Museums and Art

Concert, Lionello Recession

Concert, Lionello Recession

We are searching data for your request:

Forums and discussions:
Manuals and reference books:
Data from registers:
Wait the end of the search in all databases.
Upon completion, a link will appear to access the found materials.

Concert - Lionello Recession. 138x177

The Spada artist studied painting at the Bologna Academy, but, having visited Rome, Naples and Malta, the cities in which his senior colleague Michelangelo Merisi da Caravaggio lived and worked, fell under the influence of his work, a little similar to the academic art of Bologna masters.

In this picture, the painter depicted concert preparation. The leader of a small ensemble gives out scores, the boy-vocalist inspires one of the musicians with inspiration, the rest of the upcoming performance tunes the instruments. The action takes place in a dark room, where the light pours, reviving the multi-colored robes - a technique dating back to Caravaggio's painting. But if he accurately directed magical light reveals drama in the depicted, then in Spada the lighting is more diffuse and makes the scene cozy.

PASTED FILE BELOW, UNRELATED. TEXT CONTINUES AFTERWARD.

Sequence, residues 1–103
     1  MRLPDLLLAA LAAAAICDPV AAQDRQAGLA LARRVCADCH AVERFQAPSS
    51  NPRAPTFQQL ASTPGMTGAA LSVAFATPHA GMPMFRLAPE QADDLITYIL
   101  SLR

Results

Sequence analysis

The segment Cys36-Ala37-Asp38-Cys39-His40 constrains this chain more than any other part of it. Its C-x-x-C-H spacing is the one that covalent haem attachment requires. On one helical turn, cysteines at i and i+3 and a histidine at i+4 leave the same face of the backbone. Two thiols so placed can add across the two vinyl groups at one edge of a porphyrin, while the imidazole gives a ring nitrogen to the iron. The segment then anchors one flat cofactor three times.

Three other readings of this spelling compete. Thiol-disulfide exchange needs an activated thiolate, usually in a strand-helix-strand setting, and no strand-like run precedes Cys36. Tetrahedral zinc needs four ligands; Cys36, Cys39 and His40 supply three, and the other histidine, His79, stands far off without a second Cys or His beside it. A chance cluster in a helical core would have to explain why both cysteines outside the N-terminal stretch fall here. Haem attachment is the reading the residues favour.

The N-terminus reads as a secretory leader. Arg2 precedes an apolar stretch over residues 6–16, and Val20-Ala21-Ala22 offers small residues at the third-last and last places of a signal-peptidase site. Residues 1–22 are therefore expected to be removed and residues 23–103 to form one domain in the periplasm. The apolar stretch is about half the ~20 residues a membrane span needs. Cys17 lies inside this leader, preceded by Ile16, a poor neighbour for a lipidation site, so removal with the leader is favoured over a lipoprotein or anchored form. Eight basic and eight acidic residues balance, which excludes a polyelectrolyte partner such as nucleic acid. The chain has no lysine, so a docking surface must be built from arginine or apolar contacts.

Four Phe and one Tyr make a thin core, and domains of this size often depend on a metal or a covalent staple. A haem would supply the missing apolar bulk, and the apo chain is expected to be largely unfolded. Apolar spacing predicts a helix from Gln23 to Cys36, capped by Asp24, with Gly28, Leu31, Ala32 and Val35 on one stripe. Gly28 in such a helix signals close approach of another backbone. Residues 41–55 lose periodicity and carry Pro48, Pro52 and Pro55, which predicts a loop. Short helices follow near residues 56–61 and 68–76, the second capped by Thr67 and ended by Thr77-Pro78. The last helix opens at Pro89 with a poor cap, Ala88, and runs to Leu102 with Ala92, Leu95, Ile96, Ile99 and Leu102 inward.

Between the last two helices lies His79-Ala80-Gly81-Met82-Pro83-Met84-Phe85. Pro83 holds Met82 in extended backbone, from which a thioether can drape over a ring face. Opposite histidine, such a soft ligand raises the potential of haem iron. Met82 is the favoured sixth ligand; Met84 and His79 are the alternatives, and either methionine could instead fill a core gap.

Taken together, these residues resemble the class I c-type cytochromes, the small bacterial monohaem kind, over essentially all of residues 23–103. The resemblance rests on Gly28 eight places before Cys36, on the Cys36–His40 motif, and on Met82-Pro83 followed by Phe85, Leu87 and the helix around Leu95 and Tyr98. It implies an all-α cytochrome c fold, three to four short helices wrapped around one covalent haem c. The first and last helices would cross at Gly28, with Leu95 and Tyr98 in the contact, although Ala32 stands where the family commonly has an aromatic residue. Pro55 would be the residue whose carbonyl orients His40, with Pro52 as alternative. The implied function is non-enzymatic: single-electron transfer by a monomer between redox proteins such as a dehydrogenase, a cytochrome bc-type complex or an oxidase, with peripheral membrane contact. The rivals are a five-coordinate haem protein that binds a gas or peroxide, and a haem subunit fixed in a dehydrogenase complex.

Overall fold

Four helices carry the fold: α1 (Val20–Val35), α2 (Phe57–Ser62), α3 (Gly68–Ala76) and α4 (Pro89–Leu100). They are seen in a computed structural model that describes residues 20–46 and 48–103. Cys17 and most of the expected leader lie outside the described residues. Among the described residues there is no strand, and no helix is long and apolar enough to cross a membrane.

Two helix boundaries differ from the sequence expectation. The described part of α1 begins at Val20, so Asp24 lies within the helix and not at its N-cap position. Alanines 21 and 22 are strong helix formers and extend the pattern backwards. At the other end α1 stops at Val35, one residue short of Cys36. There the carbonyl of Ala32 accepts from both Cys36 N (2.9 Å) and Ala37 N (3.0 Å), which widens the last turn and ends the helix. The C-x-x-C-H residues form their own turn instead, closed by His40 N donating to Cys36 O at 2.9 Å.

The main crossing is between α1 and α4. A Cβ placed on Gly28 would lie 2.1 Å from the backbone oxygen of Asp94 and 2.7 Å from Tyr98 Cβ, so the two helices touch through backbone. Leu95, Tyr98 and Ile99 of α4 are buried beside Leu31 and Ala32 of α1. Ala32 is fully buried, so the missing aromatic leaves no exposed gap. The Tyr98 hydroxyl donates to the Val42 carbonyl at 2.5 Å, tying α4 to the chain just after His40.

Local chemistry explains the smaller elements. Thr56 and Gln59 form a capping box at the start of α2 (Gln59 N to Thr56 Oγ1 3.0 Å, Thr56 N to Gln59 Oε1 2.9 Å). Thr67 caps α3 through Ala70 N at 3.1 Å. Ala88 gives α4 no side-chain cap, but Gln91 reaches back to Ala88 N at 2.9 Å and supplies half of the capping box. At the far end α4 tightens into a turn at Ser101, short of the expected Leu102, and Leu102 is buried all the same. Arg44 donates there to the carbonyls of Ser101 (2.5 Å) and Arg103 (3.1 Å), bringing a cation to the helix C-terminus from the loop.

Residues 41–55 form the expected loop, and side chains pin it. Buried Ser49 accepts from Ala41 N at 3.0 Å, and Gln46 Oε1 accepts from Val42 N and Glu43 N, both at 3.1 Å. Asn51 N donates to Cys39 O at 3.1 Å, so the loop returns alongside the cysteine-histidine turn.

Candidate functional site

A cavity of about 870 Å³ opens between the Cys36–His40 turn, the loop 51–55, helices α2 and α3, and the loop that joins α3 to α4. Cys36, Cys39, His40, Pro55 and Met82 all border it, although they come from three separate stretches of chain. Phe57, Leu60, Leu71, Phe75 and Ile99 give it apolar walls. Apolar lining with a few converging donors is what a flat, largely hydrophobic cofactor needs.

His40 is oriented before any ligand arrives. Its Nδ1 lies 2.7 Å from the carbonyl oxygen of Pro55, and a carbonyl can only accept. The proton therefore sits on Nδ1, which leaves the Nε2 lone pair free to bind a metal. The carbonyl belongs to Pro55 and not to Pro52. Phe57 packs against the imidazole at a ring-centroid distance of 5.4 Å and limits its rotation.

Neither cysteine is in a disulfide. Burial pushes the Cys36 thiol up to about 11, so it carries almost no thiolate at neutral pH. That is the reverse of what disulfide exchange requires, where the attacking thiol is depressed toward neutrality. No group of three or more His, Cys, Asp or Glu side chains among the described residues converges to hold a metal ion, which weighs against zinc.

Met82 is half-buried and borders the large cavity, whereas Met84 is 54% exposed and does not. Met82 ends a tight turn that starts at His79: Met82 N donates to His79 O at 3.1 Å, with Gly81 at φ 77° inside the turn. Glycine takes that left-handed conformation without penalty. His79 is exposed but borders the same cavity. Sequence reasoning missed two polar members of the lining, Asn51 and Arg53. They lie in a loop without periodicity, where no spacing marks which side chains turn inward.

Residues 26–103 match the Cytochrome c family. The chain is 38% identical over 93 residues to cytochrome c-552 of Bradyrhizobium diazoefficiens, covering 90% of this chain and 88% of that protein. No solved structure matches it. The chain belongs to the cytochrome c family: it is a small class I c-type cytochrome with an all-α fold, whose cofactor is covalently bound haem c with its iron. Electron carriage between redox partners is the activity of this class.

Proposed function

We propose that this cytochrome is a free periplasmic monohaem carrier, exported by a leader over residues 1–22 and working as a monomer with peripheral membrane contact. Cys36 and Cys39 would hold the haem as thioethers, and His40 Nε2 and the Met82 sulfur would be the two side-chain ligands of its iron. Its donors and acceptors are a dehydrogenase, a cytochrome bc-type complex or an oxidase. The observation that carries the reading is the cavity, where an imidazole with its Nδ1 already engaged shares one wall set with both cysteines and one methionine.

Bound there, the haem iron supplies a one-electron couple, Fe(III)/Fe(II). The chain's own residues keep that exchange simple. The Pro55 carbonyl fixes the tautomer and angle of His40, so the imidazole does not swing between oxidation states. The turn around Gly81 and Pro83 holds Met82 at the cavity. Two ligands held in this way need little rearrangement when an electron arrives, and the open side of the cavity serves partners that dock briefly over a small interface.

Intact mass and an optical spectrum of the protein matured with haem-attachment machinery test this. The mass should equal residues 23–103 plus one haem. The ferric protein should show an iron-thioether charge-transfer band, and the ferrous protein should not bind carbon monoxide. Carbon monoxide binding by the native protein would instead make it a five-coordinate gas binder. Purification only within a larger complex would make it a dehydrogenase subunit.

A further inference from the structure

The main thing that his follower took from Caravaggio was his desire to express the truth of life, although representatives of the Bologna school of painting gravitated towards this in their own way. But neither the dramatic and extremely honest view of reality, which was characteristic of Caravaggio, nor the lofty and academic nature of the Spada Bologna inherited. However, the picture reigns in that light, laid-back mood that was inherent in the early works of the first.

In the world around him, Spada was able to catch and transfer to the canvas a cheerful and light noise that sounds like music to him. The moment of tuning the instruments was probably more interesting to him than the concert itself, since it made it possible to present a live scene and portray characters in different states.

Watch the video: Best Documentary of the Housing Market Crash of 2020?. Inside the Meltdown. Behind the Big Short (August 2022).